How will women ever be convinced to embrace modesty if it means giving up perceived power?
Is it really true that the only power a woman can hold is vested in her sex appeal? Not her intellect, work ethic, insight, kindness, humor, experience and education? If that is true, then maybe the power that “sexy” gives a woman is not really worth having. Maybe there is another, richer power, rooted in human freedom.
Author Wendy Shalit writes that modesty brings out the best in both girls and boys. Girls have a chance to complete their development as well-rounded young people before they develop sexually. Womanliness becomes subtle and inviting when integrated into the whole person, rather than crude and aggressive, relying solely on sex.
Similarly, modesty gives boys a chance to develop self-mastery and genuine respect for girls before encountering them in any sexual context. It opens a space for men to behave honorably, regard women holistically and develop the manly virtues of strength and responsibility.
Ego modesty and body modesty have the same root, modus, meaning measure. Someone who is ego modest has a proper measure of his own achievements, and doesn’t permit them to be trumpeted over others. Body modesty, similarly, takes a proper measure of the body and declines to advertise it competitively.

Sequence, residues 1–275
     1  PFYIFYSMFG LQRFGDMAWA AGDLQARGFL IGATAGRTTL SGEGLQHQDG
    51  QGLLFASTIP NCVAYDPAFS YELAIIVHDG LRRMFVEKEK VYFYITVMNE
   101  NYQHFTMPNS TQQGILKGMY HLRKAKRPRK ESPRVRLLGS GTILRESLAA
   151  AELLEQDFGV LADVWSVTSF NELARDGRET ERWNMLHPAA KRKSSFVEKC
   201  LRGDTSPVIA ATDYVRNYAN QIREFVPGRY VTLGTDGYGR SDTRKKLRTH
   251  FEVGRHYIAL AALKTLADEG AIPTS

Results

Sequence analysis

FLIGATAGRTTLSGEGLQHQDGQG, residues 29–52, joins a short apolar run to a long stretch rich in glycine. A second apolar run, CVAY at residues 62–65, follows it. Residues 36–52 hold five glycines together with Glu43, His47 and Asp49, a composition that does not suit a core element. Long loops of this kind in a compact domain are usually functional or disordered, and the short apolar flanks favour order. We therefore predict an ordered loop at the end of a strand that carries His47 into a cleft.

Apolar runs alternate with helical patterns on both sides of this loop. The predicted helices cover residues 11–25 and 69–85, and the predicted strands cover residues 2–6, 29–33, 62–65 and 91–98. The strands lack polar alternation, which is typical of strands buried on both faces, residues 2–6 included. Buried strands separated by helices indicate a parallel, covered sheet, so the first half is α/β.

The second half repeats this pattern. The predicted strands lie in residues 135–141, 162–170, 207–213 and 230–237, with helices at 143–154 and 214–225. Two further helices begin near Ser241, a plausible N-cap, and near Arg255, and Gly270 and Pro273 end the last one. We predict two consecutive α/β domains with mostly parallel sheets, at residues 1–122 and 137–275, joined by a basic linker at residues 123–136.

When you’re body modest, you carry yourself in a way that emphasizes you as a person, not as a fractured set of exciting parts, none of which is your brain. Modesty allows others to focus on your face and eyes, providing a meeting of whole persons. The A&F ad above is so clear an example of how the visual focus on sexual attributes negates the encounter with a whole person. The model’s face isn’t even shown; it would be a distraction from the sex.
Being able to relinquish the power of gaining attention through dress or manner requires a good deal of self-assurance, of confidence in your own merit, of not needing a marketing campaign. It’s the belief that your intellectual, emotional, and spiritual qualities are just as essential as your physical self. It’s the peace of being a solid, not a veneer.
It’s also a way of freeing yourself from the influences that would seek to control you. As the Catechism states: “Modesty inspires a way of life which makes it possible to resist the allurements of fashion and the pressures of prevailing ideologies.”
Take that to contemplation: modesty actually contributes to independence. (The Catechism often has that jolting way of going deep and revealing connections we would otherwise fail to make.)
So modesty is not only an assertion of the value of the whole person and a path to purity of heart, but also to free thinking, to being the subjects of our own lives, not passive objects manipulated by others. In this day, when everything (even to the use of bathrooms) is dictated to us, do you not yearn to resist?
Modesty can be, among other things, that path to freedom.
Sheryl Collmer, M.T.S. is the Director of Outreach for TOBET in Irving, TX.